Thursday, September 17, 2015

Georgia Vietnam Veterans Honored and Remembered

Vietnam veterans get certificates of honor, finally welcomed home
State senator from Gainesville: 'Time to do the right thing'
Gainesville Times
By Jeff Gill
September 16, 2015

Four decades later, Navy Seabee Charles Stallcup still remembers the warning a Marine lieutenant gave warriors returning from Vietnam.

“I’ve got a squadron of Marines here locked and loaded,” the officer said. “If you even act like you’re going to go toward civilians, we will shoot you.”

The encounter, typical of the sort of tensions between veterans and the American public in the late 1960s and early 1970s, still weighs on Stallcup.

But he said Georgia’s efforts to recognize Vietnam veterans with certificate of honor ceremonies, such as one held Wednesday night at the American Legion Post 7 in Gainesville, is “greatly appreciated.”

“I am glad to see the veterans getting some respect,” Stallcup said. “I’m tickled to death veterans coming back from Iraq and Afghanistan are getting the respect they deserve.”
Vietnam veteran Charlie Jones shakes hands with Sen. Butch Miller as he is awarded the “Certificate of Honor” for his military service at the American Legion Post 7 in Gainesville on Wednesday, September 16, 2015. By ERIN O. SMITH (The Times) UPLOADED: Sept. 16, 2015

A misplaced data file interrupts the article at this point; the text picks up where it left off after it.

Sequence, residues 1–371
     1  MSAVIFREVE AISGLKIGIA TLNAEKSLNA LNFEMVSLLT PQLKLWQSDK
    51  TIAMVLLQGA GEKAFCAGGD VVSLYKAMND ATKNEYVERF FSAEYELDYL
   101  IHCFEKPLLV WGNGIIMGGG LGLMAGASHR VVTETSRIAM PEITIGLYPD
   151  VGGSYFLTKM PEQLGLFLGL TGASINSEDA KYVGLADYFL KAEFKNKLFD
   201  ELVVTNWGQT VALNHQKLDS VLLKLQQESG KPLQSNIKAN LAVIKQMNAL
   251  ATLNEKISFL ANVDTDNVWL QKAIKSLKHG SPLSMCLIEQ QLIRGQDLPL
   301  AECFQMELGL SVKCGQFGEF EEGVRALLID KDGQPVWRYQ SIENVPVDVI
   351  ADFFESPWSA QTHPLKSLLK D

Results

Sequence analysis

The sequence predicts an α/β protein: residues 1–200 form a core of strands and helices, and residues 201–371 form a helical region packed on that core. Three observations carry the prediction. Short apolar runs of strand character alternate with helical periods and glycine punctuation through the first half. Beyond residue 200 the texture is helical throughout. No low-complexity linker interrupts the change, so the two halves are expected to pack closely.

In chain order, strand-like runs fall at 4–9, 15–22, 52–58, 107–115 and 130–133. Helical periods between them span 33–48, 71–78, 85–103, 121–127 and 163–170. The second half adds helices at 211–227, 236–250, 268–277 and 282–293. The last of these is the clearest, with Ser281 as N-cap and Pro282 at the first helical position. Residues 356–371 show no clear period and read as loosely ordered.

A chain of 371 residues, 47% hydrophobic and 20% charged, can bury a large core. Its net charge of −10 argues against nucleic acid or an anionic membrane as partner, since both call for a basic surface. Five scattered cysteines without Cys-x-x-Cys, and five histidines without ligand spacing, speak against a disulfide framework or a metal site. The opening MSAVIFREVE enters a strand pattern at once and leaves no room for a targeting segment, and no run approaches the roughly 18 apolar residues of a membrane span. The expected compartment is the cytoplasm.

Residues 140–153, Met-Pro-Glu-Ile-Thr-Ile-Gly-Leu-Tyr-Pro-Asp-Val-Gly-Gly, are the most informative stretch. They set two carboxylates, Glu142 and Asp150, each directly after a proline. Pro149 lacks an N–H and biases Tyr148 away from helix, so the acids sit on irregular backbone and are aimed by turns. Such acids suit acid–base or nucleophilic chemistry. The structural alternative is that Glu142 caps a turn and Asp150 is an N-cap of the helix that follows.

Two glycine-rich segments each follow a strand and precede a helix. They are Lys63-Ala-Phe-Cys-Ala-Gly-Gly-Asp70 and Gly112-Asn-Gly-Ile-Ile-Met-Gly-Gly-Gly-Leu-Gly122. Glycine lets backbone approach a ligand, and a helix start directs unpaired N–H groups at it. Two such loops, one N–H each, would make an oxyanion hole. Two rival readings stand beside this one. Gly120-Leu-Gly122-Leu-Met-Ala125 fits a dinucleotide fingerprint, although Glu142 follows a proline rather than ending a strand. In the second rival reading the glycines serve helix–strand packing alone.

Among the recipients was Hubert “Gunny” Hunnicutt, whom Roby said is up for the Medal of Honor, the nation’s highest military award.

Hunnicutt got a standing ovation, but he waved off the attention, saying the ones who died in the battle he was involved in “earned it. I was just there.”

He and others were beaming, though, as they got the certificate.

“These are my troops, ya’ know,” said Hunnicutt, who also fought in the Persian Gulf War 25 years ago. “It’s good to see them get a pat on the back instead of an egg in the face.”

Physical pain still remains, as well, from the war, as John Caldwell and Ralph Lovingood talked about the lingering effects of Agent Orange, a chemical defoliant the U.S. military used to kill vegetation and give the enemy fewer places to hide.

Lovingood, who served in the Air Force, talked about battles he still fights with the U.S. Department of Veterans Affairs.

“We went and done what they wanted, and now they won’t take care of us,” he said.

Army veteran Jerry Herman, who was diagnosed with post-traumatic stress disorder, said he appreciated the recognition, but he still struggles with his war experiences.
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